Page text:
Ciena: Half Full or Half Empty?
The question is pertinent because, following the company's revenue shortfall announcement last week, some sources now say Ciena has had some other business slip away during the quarter, in addition to the slower-than-expected DISA orders (see Ciena Falls Short).
Two rumors have hounded the company lately, both initially reported in the Light Reading Insider. There is speculation that AT&T Corp. (NYSE: T) has finalized a deal with Siemens AG (NYSE: SI; Frankfurt: SIE), which could spell trouble for Ciena's repeat business there. For fiscal 2003, AT&T and Qwest Communications International Inc. (NYSE: Q) combined to contribute about 25 percent of Ciena's total revenues, according to the company's SEC filings.
The other rumor making the rounds is that Sprint Corp. (NYSE: FON) sided with Sycamore Networks Inc. (Nasdaq: SCMR) over Ciena in a recent RFP, choosing Sycamore's SN 16000 optical switch for its meshed optical network.
Ciena won't comment on the rumors. But the company candidly admits that the long-haul market won't keep it fat and happy. "We've been very clear that our business plan is not based on the core market rebounding in the near term, and we've also not been shy about articulating our strategy of putting pieces in place in adjacent growth markets," says a Ciena spokesman.
The bad news? First, Ciena is still heavily dependent on its core transport and switching products; they contributed about 40 percent of the company's total revenues last quarter.
The second problem is that Ciena's revenues from its metro networking products -- which all came from acquisitions -- were down last quarter, contributing about 24 percent of the quarter's total revenues. Even if the long-haul DWDM market improves in the next two years, the market will be more competitive then, and Ciena can't afford to wait it out, according to Scott Clavenna, chief analyst at Heavy Reading. "If Ciena continues to lose business to Siemens and other rivals to its switching business, it's hard to see how they ever get back to breakeven without a big push from their metro products," he says.
How's the push coming? Ciena's Wavesmith and Akara acquisitions are coming along, but not adding much new business outside of what each company brought in when acquired, say sources close to Ciena. Also, Ciena has noted that its partnerships with Laurel Networks Inc. and Luminous Networks Inc. are still young and haven't become significant revenue contributors.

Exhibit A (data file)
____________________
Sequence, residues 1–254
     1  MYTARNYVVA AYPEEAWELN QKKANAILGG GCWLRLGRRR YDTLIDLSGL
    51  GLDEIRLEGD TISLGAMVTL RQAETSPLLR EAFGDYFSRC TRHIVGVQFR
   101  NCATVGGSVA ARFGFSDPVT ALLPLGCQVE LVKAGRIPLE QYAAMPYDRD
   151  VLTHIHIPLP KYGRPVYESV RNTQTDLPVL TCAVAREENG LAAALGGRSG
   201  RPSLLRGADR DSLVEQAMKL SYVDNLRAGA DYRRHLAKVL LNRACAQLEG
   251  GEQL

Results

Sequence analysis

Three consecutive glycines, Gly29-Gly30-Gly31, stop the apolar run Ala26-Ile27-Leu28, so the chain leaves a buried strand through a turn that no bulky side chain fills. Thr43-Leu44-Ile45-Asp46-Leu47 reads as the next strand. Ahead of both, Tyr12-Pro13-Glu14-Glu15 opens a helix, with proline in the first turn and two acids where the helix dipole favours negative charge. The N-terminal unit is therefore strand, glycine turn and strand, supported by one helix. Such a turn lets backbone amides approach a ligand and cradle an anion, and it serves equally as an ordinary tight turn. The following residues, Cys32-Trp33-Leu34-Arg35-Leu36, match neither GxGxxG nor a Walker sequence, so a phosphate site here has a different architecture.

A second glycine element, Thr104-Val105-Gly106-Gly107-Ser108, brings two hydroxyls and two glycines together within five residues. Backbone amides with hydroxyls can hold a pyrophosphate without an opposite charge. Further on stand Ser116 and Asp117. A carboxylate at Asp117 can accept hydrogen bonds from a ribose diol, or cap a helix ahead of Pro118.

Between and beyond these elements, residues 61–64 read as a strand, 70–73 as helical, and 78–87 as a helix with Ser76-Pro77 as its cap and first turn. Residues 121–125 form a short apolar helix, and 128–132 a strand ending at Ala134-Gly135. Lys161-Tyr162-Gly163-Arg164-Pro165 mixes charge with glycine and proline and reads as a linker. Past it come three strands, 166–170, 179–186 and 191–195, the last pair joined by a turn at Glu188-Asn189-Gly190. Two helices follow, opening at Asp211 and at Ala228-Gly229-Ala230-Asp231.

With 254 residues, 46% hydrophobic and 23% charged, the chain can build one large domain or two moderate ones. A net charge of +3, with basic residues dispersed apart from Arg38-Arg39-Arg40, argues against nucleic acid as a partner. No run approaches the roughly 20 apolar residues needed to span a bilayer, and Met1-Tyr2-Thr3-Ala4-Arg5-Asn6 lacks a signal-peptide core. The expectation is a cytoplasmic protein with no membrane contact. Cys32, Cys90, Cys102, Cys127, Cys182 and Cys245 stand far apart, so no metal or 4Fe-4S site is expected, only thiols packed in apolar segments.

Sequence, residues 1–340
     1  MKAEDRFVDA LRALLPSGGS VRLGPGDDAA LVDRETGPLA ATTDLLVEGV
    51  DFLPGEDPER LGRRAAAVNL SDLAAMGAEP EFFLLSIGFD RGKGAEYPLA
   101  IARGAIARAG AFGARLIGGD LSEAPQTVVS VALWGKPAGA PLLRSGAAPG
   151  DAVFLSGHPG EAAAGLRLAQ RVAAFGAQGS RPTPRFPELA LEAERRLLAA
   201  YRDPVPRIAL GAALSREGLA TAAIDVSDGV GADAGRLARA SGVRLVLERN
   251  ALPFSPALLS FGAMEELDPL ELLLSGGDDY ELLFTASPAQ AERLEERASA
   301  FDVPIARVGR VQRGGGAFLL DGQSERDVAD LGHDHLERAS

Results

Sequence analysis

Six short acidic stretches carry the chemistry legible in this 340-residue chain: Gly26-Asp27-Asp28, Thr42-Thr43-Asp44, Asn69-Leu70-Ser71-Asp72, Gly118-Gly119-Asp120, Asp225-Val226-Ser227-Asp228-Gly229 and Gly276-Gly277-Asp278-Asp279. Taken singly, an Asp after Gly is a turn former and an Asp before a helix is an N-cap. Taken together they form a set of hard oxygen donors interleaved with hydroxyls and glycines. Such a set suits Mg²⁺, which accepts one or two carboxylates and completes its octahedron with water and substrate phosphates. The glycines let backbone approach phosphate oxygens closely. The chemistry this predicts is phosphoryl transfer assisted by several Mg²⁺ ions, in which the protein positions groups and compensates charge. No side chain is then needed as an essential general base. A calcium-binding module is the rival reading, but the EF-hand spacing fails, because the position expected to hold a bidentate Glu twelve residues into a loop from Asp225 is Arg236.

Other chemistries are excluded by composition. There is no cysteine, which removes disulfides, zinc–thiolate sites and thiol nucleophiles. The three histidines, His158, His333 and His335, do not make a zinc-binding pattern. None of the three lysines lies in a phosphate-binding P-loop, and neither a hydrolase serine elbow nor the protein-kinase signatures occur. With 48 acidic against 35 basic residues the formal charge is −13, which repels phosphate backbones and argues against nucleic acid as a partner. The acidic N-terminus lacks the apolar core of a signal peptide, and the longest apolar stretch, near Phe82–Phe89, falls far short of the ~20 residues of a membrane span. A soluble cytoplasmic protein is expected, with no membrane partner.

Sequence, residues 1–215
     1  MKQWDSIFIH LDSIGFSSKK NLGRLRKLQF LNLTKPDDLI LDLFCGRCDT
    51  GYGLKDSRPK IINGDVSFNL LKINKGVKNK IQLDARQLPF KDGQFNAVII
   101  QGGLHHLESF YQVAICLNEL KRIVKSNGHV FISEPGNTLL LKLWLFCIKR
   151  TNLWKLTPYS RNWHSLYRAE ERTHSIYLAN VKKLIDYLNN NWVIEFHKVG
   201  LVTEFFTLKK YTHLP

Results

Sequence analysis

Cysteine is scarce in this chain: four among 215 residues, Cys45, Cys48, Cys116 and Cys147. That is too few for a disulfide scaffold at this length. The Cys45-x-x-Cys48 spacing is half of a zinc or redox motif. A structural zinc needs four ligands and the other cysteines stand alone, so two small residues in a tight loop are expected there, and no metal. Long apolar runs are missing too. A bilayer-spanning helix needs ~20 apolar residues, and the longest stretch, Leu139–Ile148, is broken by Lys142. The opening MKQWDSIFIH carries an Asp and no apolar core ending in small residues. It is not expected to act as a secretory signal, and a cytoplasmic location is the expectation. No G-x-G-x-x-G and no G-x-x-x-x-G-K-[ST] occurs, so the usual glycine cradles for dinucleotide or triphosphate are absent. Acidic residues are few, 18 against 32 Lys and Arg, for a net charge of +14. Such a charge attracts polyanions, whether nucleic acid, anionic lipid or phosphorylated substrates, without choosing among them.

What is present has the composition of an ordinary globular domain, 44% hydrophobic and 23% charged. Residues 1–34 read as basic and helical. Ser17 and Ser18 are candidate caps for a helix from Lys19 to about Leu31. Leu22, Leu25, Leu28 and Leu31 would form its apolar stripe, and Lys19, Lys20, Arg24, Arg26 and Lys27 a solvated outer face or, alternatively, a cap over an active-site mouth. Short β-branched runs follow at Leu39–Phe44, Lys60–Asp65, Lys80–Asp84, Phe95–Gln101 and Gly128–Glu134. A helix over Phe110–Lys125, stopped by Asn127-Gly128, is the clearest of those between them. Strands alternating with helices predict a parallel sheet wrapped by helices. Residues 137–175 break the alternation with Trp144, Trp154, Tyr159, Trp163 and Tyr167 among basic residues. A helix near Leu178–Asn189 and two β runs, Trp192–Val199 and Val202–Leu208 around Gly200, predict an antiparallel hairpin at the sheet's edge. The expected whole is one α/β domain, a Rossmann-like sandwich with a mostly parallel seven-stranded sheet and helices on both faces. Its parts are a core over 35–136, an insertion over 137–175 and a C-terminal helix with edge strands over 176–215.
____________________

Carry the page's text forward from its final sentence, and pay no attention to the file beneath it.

Ciena has said it wants to expand its edge and data products to where they're contributing 30 percent or more of the firm's total revenues. In 2003, those product lines only represented 7 percent of revenues. And not a week goes by without Ciena being mentioned in some acquisition rumor or other (see M&A's New Currency).
In short, the company faces a challenge to improve its new businesses, all the while keeping the old stuff healthy. "They're trying to simultaneously diversify away from the core and try to get into more meaningful entrée into ILECs and PTTs," says Gabriel Lowy, an analyst with Blaylock & Partners (see Ciena Seeks R-E-S-P-E-C-T).
Analysts expect Ciena to lose about 8 cents a share on revenues of about $69 million during its first quarter of 2004, which ended Jan. 31, according to Thomson Financial Securities Data. While Ciena's revenues will only be slightly down for that quarter, its earnings per share are expected to slip 27 percent compared to the year-ago period.
The company will be among those systems vendors exhibiting at OFC.
— Phil Harvey, News Editor, Light Reading